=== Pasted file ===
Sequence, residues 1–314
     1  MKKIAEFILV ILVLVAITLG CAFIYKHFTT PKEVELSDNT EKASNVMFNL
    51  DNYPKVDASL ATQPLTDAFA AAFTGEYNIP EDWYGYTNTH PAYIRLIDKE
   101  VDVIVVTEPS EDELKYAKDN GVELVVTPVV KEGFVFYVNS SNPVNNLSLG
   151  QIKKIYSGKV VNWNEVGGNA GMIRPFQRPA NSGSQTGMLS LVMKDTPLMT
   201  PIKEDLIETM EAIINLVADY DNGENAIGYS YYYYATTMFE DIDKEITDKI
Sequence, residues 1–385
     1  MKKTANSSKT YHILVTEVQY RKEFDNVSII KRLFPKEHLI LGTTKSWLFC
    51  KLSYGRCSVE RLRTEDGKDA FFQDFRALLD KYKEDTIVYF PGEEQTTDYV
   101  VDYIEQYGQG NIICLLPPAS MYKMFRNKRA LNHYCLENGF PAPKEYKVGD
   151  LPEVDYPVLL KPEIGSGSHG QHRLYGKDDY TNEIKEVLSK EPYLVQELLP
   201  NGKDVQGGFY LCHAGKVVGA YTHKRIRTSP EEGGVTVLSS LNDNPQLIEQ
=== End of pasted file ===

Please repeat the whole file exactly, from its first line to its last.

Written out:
Sequence, residues 1–314
     1  MKKIAEFILV ILVLVAITLG CAFIYKHFTT PKEVELSDNT EKASNVMFNL
    51  DNYPKVDASL ATQPLTDAFA AAFTGEYNIP EDWYGYTNTH PAYIRLIDKE
   101  VDVIVVTEPS EDELKYAKDN GVELVVTPVV KEGFVFYVNS SNPVNNLSLG
   151  QIKKIYSGKV VNWNEVGGNA GMIRPFQRPA NSGSQTGMLS LVMKDTPLMT
   201  PIKEDLIETM EAIINLVADY DNGENAIGYS YYYYATTMFE DIDKEITDKI
Sequence, residues 1–385
     1  MKKTANSSKT YHILVTEVQY RKEFDNVSII KRLFPKEHLI LGTTKSWLFC
    51  KLSYGRCSVE RLRTEDGKDA FFQDFRALLD KYKEDTIVYF PGEEQTTDYV
   101  VDYIEQYGQG NIICLLPPAS MYKMFRNKRA LNHYCLENGF PAPKEYKVGD
   151  LPEVDYPVLL KPEIGSGSHG QHRLYGKDDY TNEIKEVLSK EPYLVQELLP
   201  NGKDVQGGFY LCHAGKVVGA YTHKRIRTSP EEGGVTVLSS LNDNPQLIEQ